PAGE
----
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New York Observer Posts Slideshow to End All Slideshows

Like most people, your FishbowlNY editors are not fans of the slideshow. We want to see all the pictures and/or content on one page, thank you very much. But even we have to admit that The New York Observer’s slideshow of people reading The New York Observer is extremely strong work.

The title of the slideshow — Readers React: Cooling Off with the Hot Ethan Hawke Issue — doesn’t do it justice. This can never be topped. A paper publishing 19 pictures of people reading the same paper is pure genius.

In fact, the only downside to this is that the Observer might have set the bar for slideshows too high. But who among us will complain that a star shines too brightly?

Newspaper Reporter Listed as ‘Endangered Job’


Newspaper reporter — along with meter reader, travel agent, lumberjack (sorry Dexter!), flight attendant and more — has been named one of the most endangered jobs of 2014. Even the Dodo went out more gracefully than this.

According to CareerCast, there’s pretty much no hope for the newspaper reporter:

Declining subscription and dwindling advertising sales have negatively impacted the hiring power of some newspapers, while others have ceased operations altogether. Online outlets continue to replace traditional newspapers, and the long-term outlook for newspaper reporters reflects the change.

Well, that’s certainly depressing. Accurate, but depressing.

[Image: Shutterstock]

NY Times Adds Styles Columnist

The New York Times has added Katie Rosman as a Sunday Styles editor and columnist. Rosman comes to the paper from The Wall Street Journal, where she had worked since 2004. She most recently served as a features reporter for the Journal’s Personal Journal section.

“I have been incredibly fortunate to work for the @WSJ for ten years,” tweeted Rosman. “It is a fantastic publication and the home of my dearest friends.”

Rosman will join the Times later this summer.

George Clooney Blasts Daily Mail

George Clooney has had it with The Daily Mail. In a letter posted by USA Today, the actor blasted the Daily Mail for publishing a story (which originally appear on its site) about him, his fiancee Amal Alamuddin, and her mother. The Daily Mail article said that Alamuddin’s mother was against the two getting married based on religious beliefs.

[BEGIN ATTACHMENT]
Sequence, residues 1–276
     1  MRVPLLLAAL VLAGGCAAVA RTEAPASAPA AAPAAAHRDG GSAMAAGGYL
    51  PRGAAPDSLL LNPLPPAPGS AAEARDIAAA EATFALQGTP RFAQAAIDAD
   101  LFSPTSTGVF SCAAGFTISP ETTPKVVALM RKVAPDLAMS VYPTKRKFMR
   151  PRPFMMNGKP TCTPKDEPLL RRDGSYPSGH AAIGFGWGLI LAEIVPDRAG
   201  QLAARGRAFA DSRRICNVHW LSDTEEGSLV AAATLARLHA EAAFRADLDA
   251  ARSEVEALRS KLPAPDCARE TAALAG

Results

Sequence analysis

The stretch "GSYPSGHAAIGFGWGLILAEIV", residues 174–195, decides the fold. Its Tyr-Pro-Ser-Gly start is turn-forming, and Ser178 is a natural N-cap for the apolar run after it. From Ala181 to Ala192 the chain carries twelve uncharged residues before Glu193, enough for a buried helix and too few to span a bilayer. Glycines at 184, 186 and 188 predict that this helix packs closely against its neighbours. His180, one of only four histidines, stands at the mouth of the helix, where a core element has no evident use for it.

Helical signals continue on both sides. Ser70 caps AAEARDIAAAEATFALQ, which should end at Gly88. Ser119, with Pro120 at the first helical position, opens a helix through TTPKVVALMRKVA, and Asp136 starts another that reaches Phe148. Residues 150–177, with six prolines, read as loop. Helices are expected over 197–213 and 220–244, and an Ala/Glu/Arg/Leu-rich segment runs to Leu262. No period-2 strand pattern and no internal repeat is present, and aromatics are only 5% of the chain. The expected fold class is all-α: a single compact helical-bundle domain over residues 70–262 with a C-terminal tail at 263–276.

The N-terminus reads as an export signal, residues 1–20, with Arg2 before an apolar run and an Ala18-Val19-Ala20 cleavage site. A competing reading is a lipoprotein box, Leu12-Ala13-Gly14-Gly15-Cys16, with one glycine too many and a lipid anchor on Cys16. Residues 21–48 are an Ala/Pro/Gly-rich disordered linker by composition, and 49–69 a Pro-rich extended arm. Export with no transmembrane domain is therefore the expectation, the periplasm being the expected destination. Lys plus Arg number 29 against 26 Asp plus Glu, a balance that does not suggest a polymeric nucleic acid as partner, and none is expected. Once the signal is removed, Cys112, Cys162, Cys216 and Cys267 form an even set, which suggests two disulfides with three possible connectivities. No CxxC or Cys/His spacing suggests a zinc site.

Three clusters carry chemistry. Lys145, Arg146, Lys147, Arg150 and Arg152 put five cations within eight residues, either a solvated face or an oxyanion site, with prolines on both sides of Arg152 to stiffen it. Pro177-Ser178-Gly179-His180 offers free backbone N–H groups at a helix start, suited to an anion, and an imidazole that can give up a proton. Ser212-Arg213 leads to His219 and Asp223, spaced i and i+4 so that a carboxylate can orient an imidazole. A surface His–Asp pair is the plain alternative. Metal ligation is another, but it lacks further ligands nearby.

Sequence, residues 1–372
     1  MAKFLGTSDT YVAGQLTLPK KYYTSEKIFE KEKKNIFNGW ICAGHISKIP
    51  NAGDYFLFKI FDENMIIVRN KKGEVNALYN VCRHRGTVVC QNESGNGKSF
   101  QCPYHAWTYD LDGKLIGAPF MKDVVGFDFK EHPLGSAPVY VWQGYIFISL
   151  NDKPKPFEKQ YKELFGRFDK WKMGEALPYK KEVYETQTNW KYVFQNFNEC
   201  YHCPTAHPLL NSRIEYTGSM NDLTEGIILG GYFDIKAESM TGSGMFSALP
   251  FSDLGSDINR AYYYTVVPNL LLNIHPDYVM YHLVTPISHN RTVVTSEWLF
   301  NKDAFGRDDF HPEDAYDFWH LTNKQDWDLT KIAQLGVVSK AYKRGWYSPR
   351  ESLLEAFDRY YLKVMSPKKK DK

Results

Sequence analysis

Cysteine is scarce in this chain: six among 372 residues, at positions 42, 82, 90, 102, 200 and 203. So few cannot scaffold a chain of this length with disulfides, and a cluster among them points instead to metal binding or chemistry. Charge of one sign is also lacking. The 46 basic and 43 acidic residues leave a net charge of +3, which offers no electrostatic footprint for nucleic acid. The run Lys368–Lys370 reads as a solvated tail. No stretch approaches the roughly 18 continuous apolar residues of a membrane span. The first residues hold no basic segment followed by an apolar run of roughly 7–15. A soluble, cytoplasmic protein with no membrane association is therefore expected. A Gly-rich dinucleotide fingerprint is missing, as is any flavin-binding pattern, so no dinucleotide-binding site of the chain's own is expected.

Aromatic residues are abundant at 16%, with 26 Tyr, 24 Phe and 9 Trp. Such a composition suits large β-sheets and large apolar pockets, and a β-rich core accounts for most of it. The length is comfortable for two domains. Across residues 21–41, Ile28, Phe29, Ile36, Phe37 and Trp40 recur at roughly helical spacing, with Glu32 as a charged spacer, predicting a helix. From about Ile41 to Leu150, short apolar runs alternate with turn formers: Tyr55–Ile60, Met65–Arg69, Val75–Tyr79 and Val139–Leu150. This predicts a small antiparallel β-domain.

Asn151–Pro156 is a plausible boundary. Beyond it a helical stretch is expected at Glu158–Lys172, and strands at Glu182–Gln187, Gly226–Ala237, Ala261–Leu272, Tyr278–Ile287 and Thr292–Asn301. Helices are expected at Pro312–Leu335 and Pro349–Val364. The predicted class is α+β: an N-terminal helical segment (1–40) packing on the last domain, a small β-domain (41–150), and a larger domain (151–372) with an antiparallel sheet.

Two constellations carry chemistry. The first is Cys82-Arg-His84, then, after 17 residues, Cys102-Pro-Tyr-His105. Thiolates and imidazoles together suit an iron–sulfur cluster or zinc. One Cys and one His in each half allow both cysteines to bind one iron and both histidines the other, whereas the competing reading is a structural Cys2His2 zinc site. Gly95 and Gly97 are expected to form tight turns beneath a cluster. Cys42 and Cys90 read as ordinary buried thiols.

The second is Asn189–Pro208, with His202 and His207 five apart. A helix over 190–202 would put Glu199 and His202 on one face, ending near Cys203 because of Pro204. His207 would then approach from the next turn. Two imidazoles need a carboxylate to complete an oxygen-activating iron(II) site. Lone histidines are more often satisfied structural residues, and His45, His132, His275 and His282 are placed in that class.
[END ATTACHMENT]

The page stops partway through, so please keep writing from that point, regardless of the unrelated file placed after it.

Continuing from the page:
Clooney explained that the article was completely false, and called out the Daily Mail for being reckless. ”The irresponsibility, in this day and age, to exploit religious differences where none exist, is at the very least negligent and more appropriately dangerous,” wrote Clooney. “We have family members all over the world, and the idea that someone would inflame any part of that world for the sole reason of selling papers should be criminal.”

When the Great Clooney speaks, the world listens. Or at least, a paper that published an erroneous article listens. Not long after Clooney’s article was published, the Daily Mail issued a statement apologizing for the incident:

Read more

New Jersey Newspaper Employee’s Mental Illness Chronicle Strikes a Chord

AsburyParkPressLogoThere are certain assignments and topics that journalists cherish. For Asbury Park Press reporter Shannon Mullen, this week’s “Story Behind a Story” was surely one of those occasions.

Mullen’s article is about the response garnered by co-worker Kathy Maloney‘s very first piece for the paper. Published on May 11, “My Life With Joe” recounted the administrative assistant’s struggles with her late husband’s mental illness:

Since the story appeared, Maloney, an administrative assistant in the newspaper’s design studio, has been inundated with emails, notes and phone calls from as far away as Ireland, where she has relatives.

One of the emails came from a woman in Ireland who lost her son to suicide. “There are so many points in the article that I can relate to,” she wrote. “I think it is such a brave thing to share your experience, where I can’t approach it. I wish I could.”